ARTIST IN FOCUS: Robert Beavers


ARTIST IN FOCUS: Robert Beavers
03.04.2011 – 09.04.2011, Courtisane Festival 2011 (Gent) & Cinematek (Brussels)

Robert Beavers (1949, Brookline, Massachusetts) is one of the most influential avant-garde filmmakers of the second half of the 20th century. Although born and raised in the United States, he has been living and making films in Europe since 1967. His 16mm films, at the same time lyrical and rigorous, sensuous and complex, are inhabited by the landscapes, the architecture and the cultural traditions of the Mediterranean and Alpine cities and countryside where they are filmed, and yet reveal deeper personal and aesthetic themes. As he acknowledges himself, he strives “for the projected film image to have the same force of awakening sight as any other great image.” He regards filming as part of a complex procedure, which begins in the eyes of the filmmaker and is shaped by his gestures in relation to the camera. Beavers’s attention to the physicality of the film medium is evident also in the editing, a fully manual process that leads to a unique form of phrasing. Harry Tomicek calls it a form of “cinematic breathing”: “an exchange of speech and silence, emergence and concealment. Robert Beavers might be the only filmmaker in the world whose works announce the mystery of this process.”
Until the late 1990s his films were very rarely shown, but recent retrospectives at the Tate Modern London, the Whitney Museum in New York, Berkeley Art Museum & Pacific Film Archive in Berkeley and the Austrian Film Museum in Vienna have finally brought to his work the attention it deserves. Courtisane and Cinematek will join forces to present his oeuvre in Ghent and Brussels, a city Beavers has a strong attachment to but where his work hasn’t been screened in several decades. Brussels was not only the first European city where he settled together with his partner filmmaker Gregory Markopoulos (1928-1992) after leaving the United States but also where his film culture and cinephilia developed, thanks to Jacques Ledoux, the then curator of the Royal Belgian Film Archive. Ledoux also encouraged Beavers to continue making films, and is one of the protagonists of Plan of Brussels (1968). From his Early Monthly Segments to his most recent work The Suppliant (2010), this selective retrospective in Brussels and Ghent covers more than 40 years of work and represents for Beavers an occasion to return to the scene of his beginnings as a filmmaker, the Brussels Cinémathèque.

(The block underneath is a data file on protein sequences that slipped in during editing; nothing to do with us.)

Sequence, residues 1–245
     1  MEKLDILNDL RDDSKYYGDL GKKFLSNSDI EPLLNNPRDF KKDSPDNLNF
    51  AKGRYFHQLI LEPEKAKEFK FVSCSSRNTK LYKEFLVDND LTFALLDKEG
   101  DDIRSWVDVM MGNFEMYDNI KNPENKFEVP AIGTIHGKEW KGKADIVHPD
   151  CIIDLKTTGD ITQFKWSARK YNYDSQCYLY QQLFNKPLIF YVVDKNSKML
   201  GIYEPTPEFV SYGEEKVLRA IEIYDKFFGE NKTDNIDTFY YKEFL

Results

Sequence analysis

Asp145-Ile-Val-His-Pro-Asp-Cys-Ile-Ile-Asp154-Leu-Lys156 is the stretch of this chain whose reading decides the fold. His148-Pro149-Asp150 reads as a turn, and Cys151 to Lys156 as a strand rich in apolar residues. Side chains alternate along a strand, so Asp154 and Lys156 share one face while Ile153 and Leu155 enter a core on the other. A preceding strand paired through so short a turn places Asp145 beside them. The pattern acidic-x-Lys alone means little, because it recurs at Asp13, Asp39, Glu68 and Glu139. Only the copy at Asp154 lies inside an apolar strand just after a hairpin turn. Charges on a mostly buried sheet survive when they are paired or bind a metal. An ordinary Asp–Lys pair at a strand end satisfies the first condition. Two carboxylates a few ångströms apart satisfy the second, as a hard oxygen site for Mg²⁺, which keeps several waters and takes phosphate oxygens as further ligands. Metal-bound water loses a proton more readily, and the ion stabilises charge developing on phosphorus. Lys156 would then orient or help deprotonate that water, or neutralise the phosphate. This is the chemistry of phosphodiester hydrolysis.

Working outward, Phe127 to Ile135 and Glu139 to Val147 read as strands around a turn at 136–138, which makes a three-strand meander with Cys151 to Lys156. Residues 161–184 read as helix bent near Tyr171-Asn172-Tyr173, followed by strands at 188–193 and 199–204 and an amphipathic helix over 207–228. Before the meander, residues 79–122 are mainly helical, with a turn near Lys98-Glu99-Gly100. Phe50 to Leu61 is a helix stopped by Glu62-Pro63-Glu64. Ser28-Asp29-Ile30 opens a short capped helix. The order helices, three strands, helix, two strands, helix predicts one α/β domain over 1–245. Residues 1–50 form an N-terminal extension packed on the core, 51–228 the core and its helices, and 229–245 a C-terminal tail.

On the last day of the Courtisane festival, April 3, Robert Beavers will present a selection of films of his own as well as by other filmmakers in Ghent. The following week, four more screening programmes will follow in Cinematek, the film theatre of the Belgian Royal Film Archive.

With the support of SWISS FILMS


Film-Plateau, Gent (Courtisane Festival)
Sun 03.04.2010, 15:00

1975/1997, 35mm, b/w & colour, sound, 45’
Filmed in Italy (Venice), Switzerland (the Grisons) and England (London).

Ruskin visits the sites of (art critic) John Ruskin’s work: London, the Alps and, above all, Venice, where the camera’s attention to masonry and the interaction of architecture
and water mimics the author’s descriptive analysis of the ‘stones’ of the city. The sound of pages turning and the image of a book, Ruskin’s Unto This Last, forcibly reminds us that a poet’s perceptions and in this case his political economy, are preserved and reawakened through acts of reading and writing”. (P. Adams Sitney)

The Suppliant
2010, 16mm, colour, sound, 5’
Filmed in USA (New York)

”My filming for The Suppliant was done in February 2003, while a guest in the Brooklyn Heights apartment of Jacques Dehornois. When I recollect the impulse for this filming, I remember my desire to show a spiritual quality united to the sensual in my view of this small Greek statue. I chose to reveal the figure solely through its blue early morning highlights and in the orange sunlight of late afternoon. After filming the statue, I walked down to the East River and continued to film near the Manhattan Bridge and the electrical works; then I returned to the apartment and filmed a few other details. I set this film material aside, while continuing to film and edit Pitcher of Colored Light, later I took it up twice to edit but could not find my way. Most of the editing was
finally done in 2009 then I waited to see whether it was finished and found that it was not. In May 2010, I made several editing changes and created the sound track with thoughts of this friend’s recent death.” (RB)

Pitcher of Colored Light
2007, 16mm, colour, sound, 23’
Filmed in USA (Falmouth, Massachusetts)

“…The shadows play an essential part in the mixture of loneliness and peace that exists here. The seasons move from the garden into the house, projecting rich diagonals in the early morning or late afternoon. Each shadow is a subtle balance of stillness and movement; it shows the vital instability of space. Its special quality opens a passage to the subjective; a voice within the film speaks to memory. The walls are screens through which I pass to the inhabited privacy. We experience a place through the perspective of where we come from and hear another’s voice through our own acoustic. The sense of place is never separate from the moment.” (RB)


Marie Menken
Bagatelle for Willard Maas

US, 1958/1961, 16mm, colour, silent, 5’30”


Ute Aurand

DE, 2005, 16mm, colour, sound, 57’